On the show floor at Gamescom, we've just finished playing one of the most pleasant surprises: Stellaris: Console Edition.
Tagged With stellaris
Stellaris, a very good space strategy game, was missing a few things at launch. One of them being *checks list of sci-fi tropes* um, galactic superweapons, which an upcoming expansion is sorting out.
If you thought Paradox's grand strategy game Stellaris sounded very Star Trekky with its big alien alliances and deep space exploration, you are not alone.
The grand strategy epics Crusader Kings and Europa Universalis are about as famous for the insane mods people create as they are for the tales of regicide and arranged marriages.
The default models in Stellaris, however, aren't as naturally attuned for a Game of Thrones or Star Trek total conversion. But that's OK, because Paradox has a solution.
Stellaris is supposedly Paradox's most accessible game to date, which is wonderful news for people like me who found Europa Universalis and Crusader Kings a little too convoluted. Hell, the idea of exploring the cosmos before marrying off my daughter to aliens 200 years from now is a pretty good way to sell a game.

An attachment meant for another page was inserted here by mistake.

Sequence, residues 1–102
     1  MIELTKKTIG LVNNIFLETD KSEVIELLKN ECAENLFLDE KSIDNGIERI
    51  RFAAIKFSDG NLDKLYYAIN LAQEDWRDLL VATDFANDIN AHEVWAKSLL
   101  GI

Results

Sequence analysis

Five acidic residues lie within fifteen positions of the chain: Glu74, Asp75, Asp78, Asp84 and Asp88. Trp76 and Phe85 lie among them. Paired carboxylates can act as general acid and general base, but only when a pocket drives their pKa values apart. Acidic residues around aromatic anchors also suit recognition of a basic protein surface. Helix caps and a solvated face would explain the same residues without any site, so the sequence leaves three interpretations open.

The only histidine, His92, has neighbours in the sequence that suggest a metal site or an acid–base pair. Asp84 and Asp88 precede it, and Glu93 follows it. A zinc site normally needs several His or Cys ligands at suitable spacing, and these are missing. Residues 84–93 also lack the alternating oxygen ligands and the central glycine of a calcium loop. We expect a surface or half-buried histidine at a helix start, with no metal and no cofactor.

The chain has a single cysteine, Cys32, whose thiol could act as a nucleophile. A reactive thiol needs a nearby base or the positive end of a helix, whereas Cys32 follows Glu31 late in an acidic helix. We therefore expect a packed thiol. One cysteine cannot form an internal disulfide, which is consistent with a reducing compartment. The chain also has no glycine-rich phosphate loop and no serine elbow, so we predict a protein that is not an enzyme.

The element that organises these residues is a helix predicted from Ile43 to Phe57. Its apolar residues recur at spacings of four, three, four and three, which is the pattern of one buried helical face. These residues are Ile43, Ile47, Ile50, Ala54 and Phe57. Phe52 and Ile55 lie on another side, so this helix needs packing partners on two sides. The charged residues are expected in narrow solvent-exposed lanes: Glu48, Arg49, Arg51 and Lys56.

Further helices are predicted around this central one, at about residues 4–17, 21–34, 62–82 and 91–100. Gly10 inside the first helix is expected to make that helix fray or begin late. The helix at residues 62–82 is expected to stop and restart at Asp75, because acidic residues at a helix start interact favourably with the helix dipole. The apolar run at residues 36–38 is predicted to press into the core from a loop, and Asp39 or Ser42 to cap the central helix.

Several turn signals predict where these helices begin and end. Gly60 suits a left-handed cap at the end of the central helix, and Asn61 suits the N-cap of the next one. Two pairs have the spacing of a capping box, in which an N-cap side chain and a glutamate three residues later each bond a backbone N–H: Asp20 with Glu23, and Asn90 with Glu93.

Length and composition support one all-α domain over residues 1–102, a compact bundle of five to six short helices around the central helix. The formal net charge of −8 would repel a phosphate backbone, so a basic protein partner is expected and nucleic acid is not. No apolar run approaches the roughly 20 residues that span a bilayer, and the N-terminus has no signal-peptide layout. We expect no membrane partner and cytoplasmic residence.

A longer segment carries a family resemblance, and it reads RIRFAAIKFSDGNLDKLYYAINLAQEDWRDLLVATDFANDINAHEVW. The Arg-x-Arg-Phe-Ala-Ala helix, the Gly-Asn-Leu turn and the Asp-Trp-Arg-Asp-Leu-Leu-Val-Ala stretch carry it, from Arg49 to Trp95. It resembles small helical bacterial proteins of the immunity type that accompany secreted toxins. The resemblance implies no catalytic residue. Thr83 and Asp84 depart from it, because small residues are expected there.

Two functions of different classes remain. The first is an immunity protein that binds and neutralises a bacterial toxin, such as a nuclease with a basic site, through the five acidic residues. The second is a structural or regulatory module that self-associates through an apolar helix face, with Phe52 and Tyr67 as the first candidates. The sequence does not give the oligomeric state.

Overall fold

But Paradox has got another neat hook they can use: the fact that you could potentially be responsible for unleashing Skynet on the universe.
Like so many other publishers and developers, Paradox Interactive was at the Game Developers Conference today showing off their upcoming projects. One of those is the much-awaited 4X grand space strategy Stellaris, a game they're advertising as Paradox's most accessible game ever.
But they're also promoting it in a novel fashion. With their hats.
Paradox Interactive, the studio behind one of the best strategy games of modern times, are for one of their next titles moving past the ages of sword and horse, into the age of starships and aliens with a game called Stellaris. I couldn't be more psyched.